"My family: A school of mercy" is the theme of the traditional National Week for Life and the Family that will be celebrated in Canada from 8 to 15 May 2016, on the initiative of the Canadian Conference of Catholic Bishops (CCCB). Of course, the choice of the theme is linked to the Jubilee Year proclaimed by Pope Francis. The primary information is available on the CCCB's website
. However, to learn more about the National Week for Life and the Family, we are giving the floor to H.E. Msgr. Paul-André Durocher, Archbishop of Gatineau, Quebec. As President emeritus of the CCCB, Pope Francis called him to participate in the Extraordinary General Meeting of the Synod of Bishops on "The Pastoral Challenges of the Family in the Context of Evangelization," in October 2014.
- How did the National Week for Life and the Family originate? Who was the initiator? Was it intended to respond to a particular situation?
Msgr. Durocher: The National Week for Life and the Family was proposed to the dioceses of Canada by the Canadian Conference of Catholic Bishops. The Plenary Assembly of the CCCB, at the request of its members, created an ad hoc committee for the pastoral ministry of life and the family in 2009. The following year, the committee proposed a comprehensive plan for this ministry at the national level. Among the suggestions was a national week of life and family. At that time, Quebec's dioceses celebrated a family week of family each year to coincide with the UN's International Family Day, celebrated every May 15th. Moreover, pro-life marches had been organized for several years, in different Canadian cities, early in May, the most important one taking place in Ottawa. The ad hoc committee esteemed that the timing was good for the annual celebration of a Week dedicated to the two issues of life and family. This proposal was ratified during the CCCB's Plenary Assembly in 2011. The first National Week was celebrated in 2013.
- What characterizes this Week? Is it celebrated throughout Canada?
Msgr. Durocher: The Week is proposed by the CCCB, but its implementation depends on each diocese. In the province of Quebec, the dioceses have the habit of sharing the work of the material preparation for the animation. Following this example, the English-speaking dioceses agreed to prepare the material in English for that linguistic sector of our episcopal conference on the occasion of the first three National Weeks. This year, the Canadian Organization for Life and Family will prepare the material for the animation in both languages. Each diocese can adapt this material according to its resources, and its cultural and ecclesial situation.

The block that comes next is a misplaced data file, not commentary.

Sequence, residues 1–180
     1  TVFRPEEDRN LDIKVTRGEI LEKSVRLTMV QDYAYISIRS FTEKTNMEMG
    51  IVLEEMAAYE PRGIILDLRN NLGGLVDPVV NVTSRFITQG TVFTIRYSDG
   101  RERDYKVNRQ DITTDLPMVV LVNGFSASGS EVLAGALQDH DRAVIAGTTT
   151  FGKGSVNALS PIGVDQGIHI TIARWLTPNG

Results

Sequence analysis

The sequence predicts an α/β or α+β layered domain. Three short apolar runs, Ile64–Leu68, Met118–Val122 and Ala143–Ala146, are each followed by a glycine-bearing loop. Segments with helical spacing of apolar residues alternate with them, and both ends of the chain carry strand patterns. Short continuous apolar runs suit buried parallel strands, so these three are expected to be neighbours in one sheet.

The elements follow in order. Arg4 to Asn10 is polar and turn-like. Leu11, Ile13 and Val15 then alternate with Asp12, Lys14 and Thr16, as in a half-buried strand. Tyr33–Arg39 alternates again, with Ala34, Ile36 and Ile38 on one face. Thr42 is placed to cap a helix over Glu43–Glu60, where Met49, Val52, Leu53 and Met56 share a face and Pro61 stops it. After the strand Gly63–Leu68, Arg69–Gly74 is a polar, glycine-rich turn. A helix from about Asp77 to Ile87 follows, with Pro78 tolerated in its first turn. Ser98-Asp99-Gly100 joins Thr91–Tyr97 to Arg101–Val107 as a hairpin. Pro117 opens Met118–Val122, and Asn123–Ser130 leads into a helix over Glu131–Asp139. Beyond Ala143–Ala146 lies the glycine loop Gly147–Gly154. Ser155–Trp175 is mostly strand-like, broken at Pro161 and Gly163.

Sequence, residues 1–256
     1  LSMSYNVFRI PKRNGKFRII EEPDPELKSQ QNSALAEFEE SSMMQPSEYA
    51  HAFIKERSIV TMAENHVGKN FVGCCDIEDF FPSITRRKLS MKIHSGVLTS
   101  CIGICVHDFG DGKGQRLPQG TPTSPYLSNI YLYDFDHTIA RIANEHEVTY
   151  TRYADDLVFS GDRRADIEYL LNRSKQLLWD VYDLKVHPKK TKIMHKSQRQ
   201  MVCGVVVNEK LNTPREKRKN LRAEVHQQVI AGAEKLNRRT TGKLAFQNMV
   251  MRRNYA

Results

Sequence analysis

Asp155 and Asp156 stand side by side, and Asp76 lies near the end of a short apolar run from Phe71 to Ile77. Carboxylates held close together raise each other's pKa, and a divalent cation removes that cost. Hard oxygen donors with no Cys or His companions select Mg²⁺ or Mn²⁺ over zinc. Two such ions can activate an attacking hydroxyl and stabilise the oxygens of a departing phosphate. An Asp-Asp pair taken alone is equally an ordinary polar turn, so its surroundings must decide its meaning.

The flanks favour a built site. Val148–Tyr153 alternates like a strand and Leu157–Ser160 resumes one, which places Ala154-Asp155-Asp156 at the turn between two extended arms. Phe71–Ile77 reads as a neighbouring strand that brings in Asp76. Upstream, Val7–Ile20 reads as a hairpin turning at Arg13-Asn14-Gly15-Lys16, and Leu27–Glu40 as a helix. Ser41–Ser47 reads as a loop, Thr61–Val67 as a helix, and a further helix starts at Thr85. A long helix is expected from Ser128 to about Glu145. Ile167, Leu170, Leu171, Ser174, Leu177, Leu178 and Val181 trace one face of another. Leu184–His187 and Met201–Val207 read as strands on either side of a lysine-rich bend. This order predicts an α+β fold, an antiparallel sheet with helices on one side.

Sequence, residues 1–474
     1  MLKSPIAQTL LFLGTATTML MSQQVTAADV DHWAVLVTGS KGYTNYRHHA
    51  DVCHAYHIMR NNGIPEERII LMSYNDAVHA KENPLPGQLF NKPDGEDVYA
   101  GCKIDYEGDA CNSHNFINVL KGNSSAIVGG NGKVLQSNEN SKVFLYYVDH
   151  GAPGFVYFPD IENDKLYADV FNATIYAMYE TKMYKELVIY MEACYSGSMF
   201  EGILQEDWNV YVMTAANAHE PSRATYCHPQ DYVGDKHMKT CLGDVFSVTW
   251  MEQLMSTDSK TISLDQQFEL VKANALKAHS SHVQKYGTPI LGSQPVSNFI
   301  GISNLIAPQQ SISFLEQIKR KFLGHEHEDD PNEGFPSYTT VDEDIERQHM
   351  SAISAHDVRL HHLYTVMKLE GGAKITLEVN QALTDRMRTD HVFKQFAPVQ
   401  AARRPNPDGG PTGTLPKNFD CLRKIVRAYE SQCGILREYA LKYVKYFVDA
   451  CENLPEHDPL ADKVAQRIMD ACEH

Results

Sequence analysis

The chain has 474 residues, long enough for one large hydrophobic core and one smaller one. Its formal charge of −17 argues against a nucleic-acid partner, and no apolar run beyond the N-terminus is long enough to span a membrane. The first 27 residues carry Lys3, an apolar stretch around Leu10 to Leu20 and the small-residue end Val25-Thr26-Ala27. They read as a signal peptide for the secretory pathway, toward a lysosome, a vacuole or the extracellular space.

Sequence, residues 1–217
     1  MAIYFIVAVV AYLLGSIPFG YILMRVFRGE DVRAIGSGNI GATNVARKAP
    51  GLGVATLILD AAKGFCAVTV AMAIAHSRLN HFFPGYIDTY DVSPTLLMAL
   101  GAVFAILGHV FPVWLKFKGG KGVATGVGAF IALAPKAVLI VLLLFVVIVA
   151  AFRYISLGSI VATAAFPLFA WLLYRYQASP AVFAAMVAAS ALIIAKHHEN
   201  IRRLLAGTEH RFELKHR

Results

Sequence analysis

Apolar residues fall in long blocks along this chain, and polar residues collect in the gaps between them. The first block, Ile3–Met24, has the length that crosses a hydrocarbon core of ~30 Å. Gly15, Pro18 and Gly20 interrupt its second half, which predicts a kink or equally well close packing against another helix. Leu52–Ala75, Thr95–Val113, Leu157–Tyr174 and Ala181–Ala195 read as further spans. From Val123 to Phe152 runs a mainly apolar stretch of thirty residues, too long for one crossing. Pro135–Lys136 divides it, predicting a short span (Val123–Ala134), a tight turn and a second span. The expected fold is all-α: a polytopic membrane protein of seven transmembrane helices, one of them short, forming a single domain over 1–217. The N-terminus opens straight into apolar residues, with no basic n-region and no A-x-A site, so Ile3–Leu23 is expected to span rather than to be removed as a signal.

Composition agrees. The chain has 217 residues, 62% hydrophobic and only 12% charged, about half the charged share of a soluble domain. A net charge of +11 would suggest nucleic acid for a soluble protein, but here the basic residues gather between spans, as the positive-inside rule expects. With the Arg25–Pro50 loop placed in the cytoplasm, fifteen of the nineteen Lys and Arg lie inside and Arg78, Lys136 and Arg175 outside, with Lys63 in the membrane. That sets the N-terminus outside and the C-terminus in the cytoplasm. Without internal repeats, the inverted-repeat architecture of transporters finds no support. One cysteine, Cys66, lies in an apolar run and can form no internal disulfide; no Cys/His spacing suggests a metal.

- The next Week will take place in the context of the current debate on the legalization of euthanasia in Canada: What is the state of mind today of the Catholics facing this situation? Will the topic receive special mention?
Msgr. Durocher: The theme for 2016 was chosen to correspond with the Jubilee Year: The family, the school of mercy. Undoubtedly, this will also provide an opportunity to reflect on the accompaniment of the dying in the perspective of mercy, in contrast with the strictly technological approach represented by biomedical euthanasia.
- What is the situation of the pastoral ministry of the family in Canada today? What are its strengths? What could be improved?
Msgr. Durocher: For a complete answer, these questions must be addressed to every diocese in Canada. It should be remembered that more than a thousand Canadians took part in the World Meeting of Families in Philadelphia, that the participation in the discussions in view of the synodal assemblies on the Family was remarkable, and that many dioceses have created their own council of pastoral ministry of the family.